Outdated Definition of "Investment Advice" Prompted New Rule
Under ERISA, broker-dealers are fiduciaries if, among other things, they “render investment advice for a fee or other compensation, direct or indirect, with respect to any moneys or other property of [a plan], or has any authority or responsibility to do so[.]” 29 U.S.C. § 1002(21)(A)(ii). The threshold determination of fiduciary status is critical because ERISA safeguards employee benefit plan participants by imposing trust law standards of care and undivided loyalty on plan fiduciaries. A breach of such standards exposes the fiduciary to personal liability.
Since 1975, the DOL has employed a five-part test to determine when an individual’s “investment advice” renders them a fiduciary under ERISA. Pursuant to 29 C.F.R. § 2510.3-21(c), fiduciary status applies if a person:
The DOL felt the rule was outdated, noting that it was created “prior to the existence of participant-directed 401(k) plans, widespread investments in IRAs, and the now commonplace rollover of plan assets from fiduciary-protected plans to IRAs.”3
The DOL also was frustrated with the five-part test, feeling that it undermined the purpose of ERISA by erecting a “multi-part series of technical impediments to fiduciary responsibility.”4 It did not believe fiduciary liability should be contingent upon the frequency with which a person advises the plan or plan participant but envisioned a scenario in which a plan relies upon an adviser for one investment decision of “hundreds of millions of dollars,” yet, the adviser would escape fiduciary liability.
Also of concern were the requirements that the advice be the product of a mutual understanding, and that it serve as the primary basis for the investment decision. Generally, broker-dealers do not hold themselves out as investment advisers, and they believe that any “advice” offered to their clients is merely incidental to their brokerage services. Accordingly, broker-dealers tend to avoid fiduciary liability because there is no mutual agreement that their advice will serve as the primary basis for a given investment decision.
The New Definition of Investment Advice
The DOL's Final Rule wholly rewrites 29 C.F.R. § 2510.3-21(c), replacing it with a functional approach intended to better capture the perceived realities of current retirement investment strategies. Pursuant to the Final Rule, a person renders investment advice if such advice is provided directly to a plan, plan fiduciary, plan participant or beneficiary, IRA, or IRA owner for a fee or other compensation (direct or indirect) in one of the following categories5:
Such advice will warrant fiduciary status, if the recommendation is made by a person who, directly or indirectly:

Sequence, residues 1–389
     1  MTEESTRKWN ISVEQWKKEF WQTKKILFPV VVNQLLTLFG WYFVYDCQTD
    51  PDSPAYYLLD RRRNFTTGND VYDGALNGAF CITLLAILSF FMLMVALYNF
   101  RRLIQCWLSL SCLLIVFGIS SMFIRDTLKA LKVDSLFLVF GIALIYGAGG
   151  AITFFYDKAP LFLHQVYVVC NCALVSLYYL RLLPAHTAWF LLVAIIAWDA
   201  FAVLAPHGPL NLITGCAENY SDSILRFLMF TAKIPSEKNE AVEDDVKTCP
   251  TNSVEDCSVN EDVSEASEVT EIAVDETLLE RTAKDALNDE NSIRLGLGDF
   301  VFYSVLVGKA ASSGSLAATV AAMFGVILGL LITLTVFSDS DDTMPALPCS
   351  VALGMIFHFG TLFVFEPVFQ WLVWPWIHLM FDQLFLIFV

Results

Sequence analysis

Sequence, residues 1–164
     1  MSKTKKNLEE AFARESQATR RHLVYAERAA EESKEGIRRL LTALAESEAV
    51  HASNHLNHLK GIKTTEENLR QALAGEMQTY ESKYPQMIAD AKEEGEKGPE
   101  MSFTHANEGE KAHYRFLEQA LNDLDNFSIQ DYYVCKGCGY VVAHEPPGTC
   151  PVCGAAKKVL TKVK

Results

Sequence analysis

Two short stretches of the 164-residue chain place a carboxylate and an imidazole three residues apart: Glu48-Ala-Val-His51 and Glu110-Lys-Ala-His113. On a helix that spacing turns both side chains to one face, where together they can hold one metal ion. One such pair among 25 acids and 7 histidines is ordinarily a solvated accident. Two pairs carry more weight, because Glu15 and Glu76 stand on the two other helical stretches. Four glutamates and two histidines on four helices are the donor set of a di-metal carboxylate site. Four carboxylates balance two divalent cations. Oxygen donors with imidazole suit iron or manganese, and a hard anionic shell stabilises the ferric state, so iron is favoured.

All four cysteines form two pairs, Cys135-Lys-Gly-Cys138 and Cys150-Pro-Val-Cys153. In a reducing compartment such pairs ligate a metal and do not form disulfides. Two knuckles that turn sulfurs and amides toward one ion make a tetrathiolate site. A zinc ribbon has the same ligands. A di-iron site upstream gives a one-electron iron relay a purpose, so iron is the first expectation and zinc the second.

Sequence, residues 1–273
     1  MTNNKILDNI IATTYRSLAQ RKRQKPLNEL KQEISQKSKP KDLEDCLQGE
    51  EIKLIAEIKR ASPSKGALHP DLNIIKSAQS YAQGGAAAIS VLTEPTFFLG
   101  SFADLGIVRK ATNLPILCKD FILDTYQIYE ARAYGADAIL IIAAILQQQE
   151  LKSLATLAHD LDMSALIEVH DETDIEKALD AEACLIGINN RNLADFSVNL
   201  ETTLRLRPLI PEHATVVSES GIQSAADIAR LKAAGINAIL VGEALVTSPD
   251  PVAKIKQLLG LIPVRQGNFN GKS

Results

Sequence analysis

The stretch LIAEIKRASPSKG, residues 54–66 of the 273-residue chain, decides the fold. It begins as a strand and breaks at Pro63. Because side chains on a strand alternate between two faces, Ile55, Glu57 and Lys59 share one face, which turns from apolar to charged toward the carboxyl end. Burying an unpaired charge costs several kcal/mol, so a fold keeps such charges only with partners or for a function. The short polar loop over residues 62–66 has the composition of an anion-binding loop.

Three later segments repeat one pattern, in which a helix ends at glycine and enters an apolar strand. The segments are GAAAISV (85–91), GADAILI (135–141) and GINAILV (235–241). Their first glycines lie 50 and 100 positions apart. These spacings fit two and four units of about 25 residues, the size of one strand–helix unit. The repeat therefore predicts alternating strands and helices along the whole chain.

Moreover, the Final Rule explains that a “recommendation” for purposes of investment advice means that, under the circumstances, the communication would “reasonably be viewed as a suggestion that the advice recipient engage in or refrain from taking a particular course of action.”7 The more “individually tailored” the communication is to a particular recipient, the more likely the communication will be viewed as a recommendation.
The New Definition's Impact on Wisconsin Broker-Dealers
Wisconsin broker-dealers currently operate under a “suitability” standard—a lesser standard than that applicable to a fiduciary. Unlike registered investment advisers, who are held to a fiduciary standard under the Investment Advisers Act of 1940, broker-dealers need only to “reasonably believe” that their recommendations are suitable in terms of their clients’ financial needs, objectives, and circumstances.8
Because the Final Rule eliminates the technical requirement that investment advice be the product of a mutual understanding that the advice will serve as the primary basis of a given investment decision, broker-dealers will no longer escape fiduciary liability merely because their advice is arguably incidental to their brokerage services. The Final Rule expressly states that “the parties need not have a subjective meeting of the minds on the extent to which the advice recipient will actually rely on the advice.”9 Instead, broker-dealers’ recommendations will usually satisfy the new definition of investment advice, and they will owe their clients a fiduciary duty.
Accordingly, effective April 10, 2017, broker-dealers offering such investment advice must discharge their duties solely in the interest of the plan or plan participant with the care, skill, prudence, and diligence of a prudent man10, and they must refrain from ERISA’s prohibited transactions11 to the extent they do not satisfy any available exemption.12
*This article does not constitute legal advice and should not be relied upon as such. Readers should consult an attorney regarding any legal concerns.1 See Merrill Lynch v. Boeck, 127 Wis. 2d 127, 134, 377 N.W.2d 605, 608 (1985) (holding that “a broker does not have a fiduciary duty to a customer with a nondiscretionary account absent an express contract placing a greater obligation on the broker or other special circumstances”).
___________________________Eric L. Maassen